Alumna wins Glenfiddich Spirit of Scotland 2014 award

School of Anthropology and Conservation alumna Jennie Martin (Woolf 2011) has won the Environment category of the Glenfiddich Spirit of Scotland 2014 Awards, in recognition for her work with her charity Wild Things!

The Awards feature eight categories; film, art, business, food, sport, writing and the environment, with previous winners including people such as Gordon Buchanan, JK Rowling and Ewan McGregor. ‘Whilst I am not so sure I quite fit in with such high profile names, it is still a fantastic accolade to win this award and have the work of Wild Things! nationally recognised’ says Jennie, who graduated from Kent in 2013 with a Master of Science in Ethnobotany.

Jennie created Wild Things! in 2003 as an environmental education charity which provides outdoor experiences for people of all ages, regardless of emotional, physical or financial barriers, with activities to benefit both the individual and the environment.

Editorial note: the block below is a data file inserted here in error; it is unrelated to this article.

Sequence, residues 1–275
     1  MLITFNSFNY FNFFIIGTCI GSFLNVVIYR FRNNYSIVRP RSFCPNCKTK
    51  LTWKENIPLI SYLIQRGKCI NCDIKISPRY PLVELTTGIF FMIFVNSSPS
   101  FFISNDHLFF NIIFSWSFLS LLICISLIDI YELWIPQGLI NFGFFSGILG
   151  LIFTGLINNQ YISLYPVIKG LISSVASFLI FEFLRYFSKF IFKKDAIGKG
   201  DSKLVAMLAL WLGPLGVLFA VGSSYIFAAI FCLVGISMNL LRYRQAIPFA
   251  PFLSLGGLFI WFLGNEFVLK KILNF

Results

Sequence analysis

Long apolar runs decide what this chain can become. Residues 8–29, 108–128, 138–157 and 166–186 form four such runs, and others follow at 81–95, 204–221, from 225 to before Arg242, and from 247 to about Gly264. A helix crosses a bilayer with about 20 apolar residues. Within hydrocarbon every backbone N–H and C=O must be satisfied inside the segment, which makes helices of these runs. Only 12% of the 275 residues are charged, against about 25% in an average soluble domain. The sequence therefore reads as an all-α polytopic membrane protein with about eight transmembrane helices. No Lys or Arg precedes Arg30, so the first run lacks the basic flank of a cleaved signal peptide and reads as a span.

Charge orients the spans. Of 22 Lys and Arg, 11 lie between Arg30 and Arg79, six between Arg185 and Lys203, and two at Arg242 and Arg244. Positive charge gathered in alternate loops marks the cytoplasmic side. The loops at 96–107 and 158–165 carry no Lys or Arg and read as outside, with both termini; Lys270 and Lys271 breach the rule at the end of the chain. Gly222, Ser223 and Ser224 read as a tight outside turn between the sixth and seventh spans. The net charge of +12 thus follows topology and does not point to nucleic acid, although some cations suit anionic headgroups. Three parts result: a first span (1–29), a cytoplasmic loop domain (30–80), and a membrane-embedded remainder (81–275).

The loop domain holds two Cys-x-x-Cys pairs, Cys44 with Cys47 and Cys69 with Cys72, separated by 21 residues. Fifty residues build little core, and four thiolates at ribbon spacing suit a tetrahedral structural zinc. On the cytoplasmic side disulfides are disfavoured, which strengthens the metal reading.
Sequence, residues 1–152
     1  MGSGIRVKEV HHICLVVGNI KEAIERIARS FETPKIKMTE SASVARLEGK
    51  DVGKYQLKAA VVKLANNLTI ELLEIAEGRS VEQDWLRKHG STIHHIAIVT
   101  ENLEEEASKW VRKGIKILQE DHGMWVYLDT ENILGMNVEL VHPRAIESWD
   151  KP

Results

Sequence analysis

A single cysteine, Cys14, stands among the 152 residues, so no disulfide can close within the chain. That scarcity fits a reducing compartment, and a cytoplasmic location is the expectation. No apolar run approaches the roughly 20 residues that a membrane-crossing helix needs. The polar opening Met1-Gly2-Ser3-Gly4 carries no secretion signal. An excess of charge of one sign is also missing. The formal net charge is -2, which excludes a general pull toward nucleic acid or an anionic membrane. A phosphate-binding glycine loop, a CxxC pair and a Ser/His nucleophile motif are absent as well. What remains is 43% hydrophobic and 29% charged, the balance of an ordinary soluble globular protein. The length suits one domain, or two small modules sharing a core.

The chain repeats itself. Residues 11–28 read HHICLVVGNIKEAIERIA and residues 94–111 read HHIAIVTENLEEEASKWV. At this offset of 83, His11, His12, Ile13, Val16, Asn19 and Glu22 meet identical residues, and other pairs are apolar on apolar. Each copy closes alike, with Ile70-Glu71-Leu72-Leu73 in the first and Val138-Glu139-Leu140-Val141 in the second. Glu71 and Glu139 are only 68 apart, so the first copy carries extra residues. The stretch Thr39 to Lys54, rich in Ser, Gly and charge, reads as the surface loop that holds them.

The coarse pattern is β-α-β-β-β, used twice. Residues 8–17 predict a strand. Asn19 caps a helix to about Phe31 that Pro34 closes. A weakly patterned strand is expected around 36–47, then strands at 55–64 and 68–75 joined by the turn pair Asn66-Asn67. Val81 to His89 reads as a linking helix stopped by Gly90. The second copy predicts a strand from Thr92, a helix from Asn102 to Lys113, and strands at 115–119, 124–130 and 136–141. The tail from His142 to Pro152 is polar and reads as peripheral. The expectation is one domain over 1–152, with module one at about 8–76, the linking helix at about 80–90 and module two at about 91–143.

‘Our fundamental premise on all our programmes is that our work is embedded with the ethos of providing programmes that encourage a ‘mutually beneficial experience for all’  she explains. ‘We often work with the John Muir Scheme and John Muir’s personal ethos of a ‘Hand, Head and Heart’ approach to caring for and understanding the natural world. At Wild Things! our programmes stimulate curiosity (head), provide opportunities to roll up our sleeves and get stuck in through bush-craft or conservation activities (hand) and we are committed to doing this in a meaningful and fun way (heart)’.

‘I was delighted to win this award’ says Jennie. ‘It has undeniably been a lot of hard work over the past 11 years developing and supporting the charity to do what it does today, and this just couldn’t have been possible without all the people who have worked at Wild Things!. We have a great team and the results of this are evident in the fact that 98% of our participants want to return to do more courses with us.’

To find out more about Wild Things! please visit